Ellen Painter Dollar's book, No Easy Choice: A Story Of Disability, Parenthood, and Faith In An Age Of Advanced Reproduction (Westminister John Knox, 2012) is a primer on just how complicated the issue can be. Dollar has a genetic condition called Osteogensis Imperfecta (OI), commonly known as brittle bone disease. After she married, she and her husband longed to start a family; a holy, God=given desire . The couple had to process their concerns about passing OI on to a child, as well as Dollar's physical limitations. They took a leap of faith - and baby Leah was born with OI.
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3 of 3 people found the following review helpful By Paul A. Mastin TOP 1000 REVIEWER on January 19, 2013
Format: Paperback
When Ellen Painter Dollar and her husband decided to have children, they knew their child would have a 50/50 chance of inheriting from Ellen osteogenesis imperfecta (OI), more commonly known as brittle bone disease. Having lived with it all her life, and with memories of a painful childhood full of broken bones and casts, she was devastated when her first child was diagnosed with OI. Still wanting to have children, she and her husband decided that for their next child, they would avail themselves of preimplantation genetic diagnosis (PGD), a means by which eggs fertilized with in vitro fertilization can be genetically tested for specific genetic traits.

In No Easy Choice: A Story of Disability, Parenthood, and Faith in an Age of Advance Reproduction, Dollar tells her story while exploring the moral, ethical, and theological questions her family faced during that time. This is a deeply personal book which, without moralizing or forcing conclusions, explores perspectives on disability, on the beginning of life, and parenthood.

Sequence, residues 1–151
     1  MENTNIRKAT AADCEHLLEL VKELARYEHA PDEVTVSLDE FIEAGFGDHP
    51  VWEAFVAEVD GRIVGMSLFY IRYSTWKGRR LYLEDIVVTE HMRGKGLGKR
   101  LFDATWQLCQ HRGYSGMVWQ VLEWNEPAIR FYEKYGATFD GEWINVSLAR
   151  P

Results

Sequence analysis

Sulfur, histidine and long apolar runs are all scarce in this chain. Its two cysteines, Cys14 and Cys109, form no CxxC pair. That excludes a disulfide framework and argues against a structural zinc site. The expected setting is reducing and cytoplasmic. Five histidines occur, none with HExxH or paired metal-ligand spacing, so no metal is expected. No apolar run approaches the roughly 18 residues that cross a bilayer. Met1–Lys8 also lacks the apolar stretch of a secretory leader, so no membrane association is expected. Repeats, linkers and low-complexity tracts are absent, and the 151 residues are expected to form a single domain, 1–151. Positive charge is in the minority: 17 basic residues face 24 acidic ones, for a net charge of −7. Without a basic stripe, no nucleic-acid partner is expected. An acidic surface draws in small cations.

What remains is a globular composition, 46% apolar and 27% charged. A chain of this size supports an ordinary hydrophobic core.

I was particularly interested in Dollar's views on disability. If a family selects embryos in order to avoid having a child with a disability, what does that say about how they, or we as a society, value individuals with disabilities? Shouldn't parents want to prevent suffering for their children? If they can do so by not having a child with a disability, shouldn't they stop that pregnancy before it starts? Would it be "a sin of parents to have a child that carries the heavy burden of genetic disease," as the Nobel-prize-winning developer of IVF suggested?

Dollar makes it clear that she believes we should by all means value individuals with disabilities.
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2 of 2 people found the following review helpful By Carolyn on February 20, 2012
Format: Paperback Verified Purchase
I reluctantly picked this up to read -- such a huge and weighty subject and my thought was that no one could do it justice or, if an author tried, I would be preached at and left feeling adrift. Not so. I could not put this down, finished it in two days, and found the weaving together of personal story and information not just worthwhile, but irresistible and informative in the richest of ways.

Part of my background is in adoption -- as a parent of a child with a disability and professionally as a social worker. "No Easy Choice" provided a broader and deeper picture of having children and being a parent. I have always valued stories and know it is important to hear not just one story (especially when it is my own) in order to broaden one's view; this book affirmed that and more. While there are perspectives here that are not mine, I learned much and appreciate knowing more about an arena in which fundamental parts of who we are, what we believe and how we make choices have roots and bear fruit.

The prose is in "No Easy Choice" is fluid and, at times, touchingly beautiful. The information is broad in scope and delivered with an even and gentle hand. I heartily recommend this book for those for whom taking a look at life from various angles makes for a sharper picture or, perhaps, just fosters a feeling of understanding oneself and others. Life, after all, seems best when we share it and I closed the final pages of this book feeling both connected and informed, better equipped to make choices and support others who are making them too.